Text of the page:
Ecclesiastes 6:6
Parallel Verses
King James Version
Yea, though he live a thousand years twice told, yet hath he seen no good: do not all go to one place?

Darby Bible Translation
Yea, though he live twice a thousand years, yet hath he seen no good: do not all go to one place?

World English Bible
Yes, though he live a thousand years twice told, and yet fails to enjoy good, don't all go to one place?

Young's Literal Translation
And though he had lived a thousand years twice over, yet good he hath not seen; to the same place doth not every one go?

Ecclesiastes 6:6 Parallel
Commentary
Geneva Study Bible

Yea, though he live a thousand years twice told, yet hath he seen no good: do not all go to one place?Ecclesiastes 6:6 Parallel Commentaries

Library
Appendix iv. An Abstract of Jewish History from the Reign of Alexander the Great to the Accession of Herod
The political connection of the Grecian world, and, with it, the conflict with Hellenism, may be said to have connected with the victorious progress of Alexander the Great through the then known world (333 b.c.). [6326] It was not only that his destruction of the Persian empire put an end to the easy and peaceful allegiance which Judæa had owned to it for about two centuries, but that the establishment of such a vast Hellenic empire. as was the aim of Alexander, introduced a new element into
Alfred Edersheim—The Life and Times of Jesus the Messiah

Thoughts Upon Worldly Riches. Sect. I.
HE that seriously considers the Constitution of the Christian Religion, observing the Excellency of its Doctrines, the Clearness of its Precepts, the Severity of its Threatnings, together with the Faithfulness of its Promises, and the Certainty of its Principles to trust to; such a one may justly be astonished, and admire what should be the reason that they who profess this not only the most excellent, but only true Religion in the World, should notwithstanding be generally as wicked, debauched and
William Beveridge—Private Thoughts Upon a Christian Life

Ecclesiastes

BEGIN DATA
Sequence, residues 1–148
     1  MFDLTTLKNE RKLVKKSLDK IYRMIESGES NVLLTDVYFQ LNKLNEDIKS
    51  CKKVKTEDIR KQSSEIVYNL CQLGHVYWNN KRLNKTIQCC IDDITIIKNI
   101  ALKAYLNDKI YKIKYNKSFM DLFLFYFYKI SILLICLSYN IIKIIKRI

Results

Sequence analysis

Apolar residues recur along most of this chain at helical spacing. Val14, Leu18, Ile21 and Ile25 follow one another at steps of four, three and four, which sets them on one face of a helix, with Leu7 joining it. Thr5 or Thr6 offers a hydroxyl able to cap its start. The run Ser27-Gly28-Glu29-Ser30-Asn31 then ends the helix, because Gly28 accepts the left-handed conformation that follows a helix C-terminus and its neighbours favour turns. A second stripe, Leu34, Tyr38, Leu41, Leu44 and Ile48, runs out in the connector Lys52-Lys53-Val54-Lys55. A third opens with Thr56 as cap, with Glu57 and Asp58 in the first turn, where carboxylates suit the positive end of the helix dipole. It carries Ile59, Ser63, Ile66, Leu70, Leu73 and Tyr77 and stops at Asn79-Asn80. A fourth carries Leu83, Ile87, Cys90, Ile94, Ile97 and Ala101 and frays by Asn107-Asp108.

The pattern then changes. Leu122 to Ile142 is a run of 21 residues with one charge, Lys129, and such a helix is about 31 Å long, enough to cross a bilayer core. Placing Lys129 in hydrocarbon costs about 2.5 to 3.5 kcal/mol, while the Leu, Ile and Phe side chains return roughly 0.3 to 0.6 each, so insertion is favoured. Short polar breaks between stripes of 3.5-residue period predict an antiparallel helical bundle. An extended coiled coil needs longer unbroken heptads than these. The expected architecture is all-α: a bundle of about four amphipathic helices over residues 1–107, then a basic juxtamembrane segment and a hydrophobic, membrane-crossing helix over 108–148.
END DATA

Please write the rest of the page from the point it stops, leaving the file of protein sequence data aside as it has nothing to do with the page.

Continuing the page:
It is not surprising that the book of Ecclesiastes had a struggle to maintain its place in the canon, and it was probably only its reputed Solomonic authorship and the last two verses of the book that permanently secured its position at the synod of Jamnia in 90 A.D. The Jewish scholars of the first century A.D. were struck by the manner in which it contradicted itself: e.g., "I praised the dead more than the living," iv. 2, "A living dog is better than a dead lion," ix. 4; but they were still more
John Edgar McFadyen—Introduction to the Old Testament

Cross References
Ecclesiastes 2:14
The wise man's eyes are in his head; but the fool walketh in darkness: and I myself perceived also that one event happeneth to them all.

Ecclesiastes 6:5
Moreover he hath not seen the sun, nor known any thing: this hath more rest than the other.

Ecclesiastes 7:2
It is better to go to the house of mourning, than to go to the house of feasting: for that is the end of all men; and the living will lay it to his heart.

Ecclesiastes 9:2
All things come alike to all: there is one event to the righteous, and to the wicked; to the good and to the clean, and to the unclean; to him that sacrificeth, and to him that sacrificeth not: as is the good, so is the sinner; and he that sweareth, as he that feareth an oath.

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